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Home / Browse / Race & Ethnicity / African American / Fifty-seventh Regiment, United States Colored Troops (US)
The Fifty-seventh regiment of United States Colored Infantry began its service as the Fourth Arkansas Infantry (African Descent). Recruited and organized at DeValls Bluff (Prairie County), Little Rock (Pulaski County), and Helena (Phillips County), the regiment mustered into Federal service on December 2, 1863, and served with the Seventh Corps in the Department of Arkansas.
Thomas D. Seawell received a commission as the regiment’s colonel on August 10, 1863, after previous service throughout Mississippi as captain of Company E in the Tenth Missouri Infantry. He served until the end of May 1864 and received a brevet promotion to brigadier general on March 13, 1865.
The Bureau of Colored Troops, commonly known as the United States Colored Troops (USCT), was organized in May 1863. As part of a larger Union reorganization of the state’s black troops, the designation of the Fourth Arkansas Infantry (African Descent) changed to the Fifty-seventh United States Colored Infantry on March 11, 1864. They performed garrison duty at Helena and Little Rock until August 1864. A detachment served as bridge and train guards during Major General Frederick Steele’s Camden Expedition between March 23 and May 3, 1864. The Fifty-seventh USCT skirmished with Confederates near Little Rock on April 26, 1864, and frequently engaged Brigadier General Joseph O. Shelby’s command north of the Arkansas River between May 13 and 31. They also skirmished repeatedly near Little Rock between May 24 and 28, 1864.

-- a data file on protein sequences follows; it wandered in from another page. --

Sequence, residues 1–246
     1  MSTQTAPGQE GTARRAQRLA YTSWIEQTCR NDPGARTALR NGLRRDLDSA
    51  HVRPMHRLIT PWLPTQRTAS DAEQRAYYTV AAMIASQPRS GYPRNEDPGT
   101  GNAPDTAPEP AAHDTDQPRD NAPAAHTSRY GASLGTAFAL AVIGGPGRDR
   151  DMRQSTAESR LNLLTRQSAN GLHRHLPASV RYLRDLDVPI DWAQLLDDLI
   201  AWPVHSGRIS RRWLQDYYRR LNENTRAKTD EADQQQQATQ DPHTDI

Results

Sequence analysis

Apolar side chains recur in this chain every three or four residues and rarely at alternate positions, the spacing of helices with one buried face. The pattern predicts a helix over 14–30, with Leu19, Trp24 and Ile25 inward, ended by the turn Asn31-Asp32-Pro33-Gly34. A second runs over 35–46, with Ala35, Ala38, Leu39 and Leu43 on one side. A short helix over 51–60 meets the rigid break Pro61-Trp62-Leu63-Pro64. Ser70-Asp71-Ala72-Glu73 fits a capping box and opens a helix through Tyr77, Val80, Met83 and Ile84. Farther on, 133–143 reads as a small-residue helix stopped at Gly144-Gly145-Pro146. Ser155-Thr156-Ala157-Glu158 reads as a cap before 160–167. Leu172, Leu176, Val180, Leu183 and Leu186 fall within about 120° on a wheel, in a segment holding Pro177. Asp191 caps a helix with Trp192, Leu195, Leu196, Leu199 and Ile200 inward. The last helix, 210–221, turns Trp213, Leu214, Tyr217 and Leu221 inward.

Andrew B. Morrison, who served previously as a captain and chaplain in the Twenty-sixth Illinois Infantry before joining the regiment as major in 1863, succeeded Seawell as colonel, with rank to date from June 1, 1864. On August 23, 1864, the Fifty-seventh USCT marched to Brownsville (Lonoke County) and to DeValls Bluff on August 29. They served there and at Little Rock until June 1865.
Due to ill health, Morrison resigned on October 22, 1864, and was succeeded by Paul Harwood. Harwood served previously in the Eastern Theater with the Eighth New York State Militia, as well as the First and Second Connecticut Heavy Artillery, and joined the Fifty-seventh USCT as a major in July 1864. Prior to Morrison’s official appointment as colonel, Harwood commanded the regiment at Huntersville, now North Little Rock (Pulaski County), between July and August 1864.
Between January and February 1865, the regiment’s designation was changed to the Colored Brigade of the Seventh Corps. Between February and August 1865, they served as the Second Brigade, First Division, Seventh Corps.
Posted to Fort Smith (Sebastian County) by August 1865, the Fifty-seventh USCT guarded property and maintained law and order in the immediate postwar period. During this time, at least forty-six enlisted men married women at the Fort Smith Freedmen’s Bureau office. These were some of the first legally recognized marriages in the state among newly freed African Americans.